As a victim of harassment online you might think that I would support such a measure but the costs to Canadians is not only limited to these higher rates. Bill C-13 proposes questionable leniencies in regards to privacy and even cyberbullying victims like Carol Todd are concerned about privacy :

“I don’t want to see our children to be victimized again by losing privacy rights. I am troubled by some of these provisions condoning the sharing of Canadians’ privacy information without proper legal process.” – Carol Todd, mother of Amanda Todd.

Carol Todd has asked a Parliament committee on Bill C-13 to separate to more controversial portions of the bill to "allow this bill to be free of controversy and to permit a thoughtful and careful review of the privacy related provisions that have received broad opposition". And I agree because these more questionable parts of the bill may be challenged legally, causing the whole bill to fail.

Harassment should be addressed as should the distribution of illegal photographs and video recordings. But other issues have been added to the bill to justify the loss of privacy and none of the proponents of this bill appear to want to address the possibly failures in the technicalities of this bill.

In interview after interview they deny it will cost Canadians their privacy yet are unable to explain why certain parts of the bill cannot be rewritten to address the concerns.

Warrants can be invalidated in law if certain conditions are not met and this bill proposes that no warrants are required to collect, share and store information, circumventing the conditions imposed on warrants.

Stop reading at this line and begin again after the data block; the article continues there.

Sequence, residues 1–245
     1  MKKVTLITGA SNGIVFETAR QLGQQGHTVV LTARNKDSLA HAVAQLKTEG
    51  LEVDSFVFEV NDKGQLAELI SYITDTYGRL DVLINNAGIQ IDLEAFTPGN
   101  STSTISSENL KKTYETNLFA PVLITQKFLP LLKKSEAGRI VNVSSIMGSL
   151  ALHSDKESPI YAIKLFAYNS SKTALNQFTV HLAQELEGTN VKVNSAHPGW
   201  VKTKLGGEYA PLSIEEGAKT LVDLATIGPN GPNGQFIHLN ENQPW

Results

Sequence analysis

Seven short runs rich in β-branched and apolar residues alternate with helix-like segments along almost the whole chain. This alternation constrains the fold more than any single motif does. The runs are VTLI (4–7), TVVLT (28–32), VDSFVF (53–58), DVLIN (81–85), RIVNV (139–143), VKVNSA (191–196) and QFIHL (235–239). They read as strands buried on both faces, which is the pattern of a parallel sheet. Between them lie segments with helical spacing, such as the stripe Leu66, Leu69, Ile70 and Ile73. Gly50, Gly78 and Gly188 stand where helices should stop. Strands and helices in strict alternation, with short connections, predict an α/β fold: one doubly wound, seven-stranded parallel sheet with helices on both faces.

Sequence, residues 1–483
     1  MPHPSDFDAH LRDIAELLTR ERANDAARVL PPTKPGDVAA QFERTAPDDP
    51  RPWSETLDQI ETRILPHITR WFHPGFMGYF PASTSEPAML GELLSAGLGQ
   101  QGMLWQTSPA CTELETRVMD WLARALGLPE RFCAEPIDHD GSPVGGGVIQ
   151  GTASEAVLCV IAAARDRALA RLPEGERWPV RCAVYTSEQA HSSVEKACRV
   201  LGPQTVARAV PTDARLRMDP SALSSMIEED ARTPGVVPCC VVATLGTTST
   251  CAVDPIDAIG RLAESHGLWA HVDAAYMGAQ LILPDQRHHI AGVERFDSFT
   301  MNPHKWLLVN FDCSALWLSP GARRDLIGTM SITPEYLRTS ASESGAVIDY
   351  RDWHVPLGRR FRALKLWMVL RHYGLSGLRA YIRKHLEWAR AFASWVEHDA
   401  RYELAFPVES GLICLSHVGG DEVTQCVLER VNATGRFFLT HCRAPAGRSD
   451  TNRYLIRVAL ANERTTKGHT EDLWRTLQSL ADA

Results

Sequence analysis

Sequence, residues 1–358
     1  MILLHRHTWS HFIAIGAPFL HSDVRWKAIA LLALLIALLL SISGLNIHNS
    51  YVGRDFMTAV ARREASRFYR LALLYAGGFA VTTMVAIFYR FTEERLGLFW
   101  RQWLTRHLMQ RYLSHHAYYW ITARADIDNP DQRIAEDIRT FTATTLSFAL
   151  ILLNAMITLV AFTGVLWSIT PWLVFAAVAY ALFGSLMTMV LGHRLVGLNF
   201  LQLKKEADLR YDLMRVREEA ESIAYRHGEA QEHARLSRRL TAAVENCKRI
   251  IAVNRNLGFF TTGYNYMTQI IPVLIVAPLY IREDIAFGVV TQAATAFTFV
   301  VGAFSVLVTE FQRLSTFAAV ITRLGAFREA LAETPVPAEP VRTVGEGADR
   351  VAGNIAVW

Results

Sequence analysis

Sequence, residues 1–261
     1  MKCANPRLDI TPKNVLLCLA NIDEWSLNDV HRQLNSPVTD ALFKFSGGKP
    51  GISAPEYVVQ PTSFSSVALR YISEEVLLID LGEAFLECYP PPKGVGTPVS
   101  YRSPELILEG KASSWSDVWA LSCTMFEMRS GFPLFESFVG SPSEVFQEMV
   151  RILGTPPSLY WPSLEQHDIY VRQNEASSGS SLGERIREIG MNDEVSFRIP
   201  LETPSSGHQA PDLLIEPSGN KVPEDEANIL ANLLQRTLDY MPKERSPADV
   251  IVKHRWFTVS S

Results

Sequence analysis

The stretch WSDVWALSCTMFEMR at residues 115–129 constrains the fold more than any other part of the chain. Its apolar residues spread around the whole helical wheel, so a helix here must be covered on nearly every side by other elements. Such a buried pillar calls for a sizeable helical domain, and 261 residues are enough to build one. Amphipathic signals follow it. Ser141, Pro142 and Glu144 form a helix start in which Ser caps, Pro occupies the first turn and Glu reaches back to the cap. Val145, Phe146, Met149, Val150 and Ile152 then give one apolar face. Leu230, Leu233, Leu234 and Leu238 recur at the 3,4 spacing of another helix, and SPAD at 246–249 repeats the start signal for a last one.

Warrants in no way facilitate luring and the creation and distribution of child pornography so why is it necessary to bypass warrants ? And warrants can address cases of cyberbullying that involve death threats, threats of bodily harm and threats to property because of our current criminal code.

Internet providers can also implement their own policing on other cases by enforcing their own terms of service agreements on their customers, some of which restrict the use of their services to impede the use of the internet by others and include provisions allowing them to provide information to the authorities when a crime is alleged.

Could they not restrict the use of their services to send unsolicited requests for a recipient’s suicide or threats involving the distribution of an image or recording of the recipient ? Could they not state that such acts would result in information being shared with law enforcement, with or without an account holder’s consent or knowledge ?

As a person who has never asked someone to commit suicide or threatened someone with death, bodily harm or with the distribution of an image or recording, my privacy would remain intact under a split Bill C-13. And a guilty party would be convicted under the conditions of a properly issued warrant, without the more controversial portions of the bill, so why am I being asked to sacrifice my privacy ?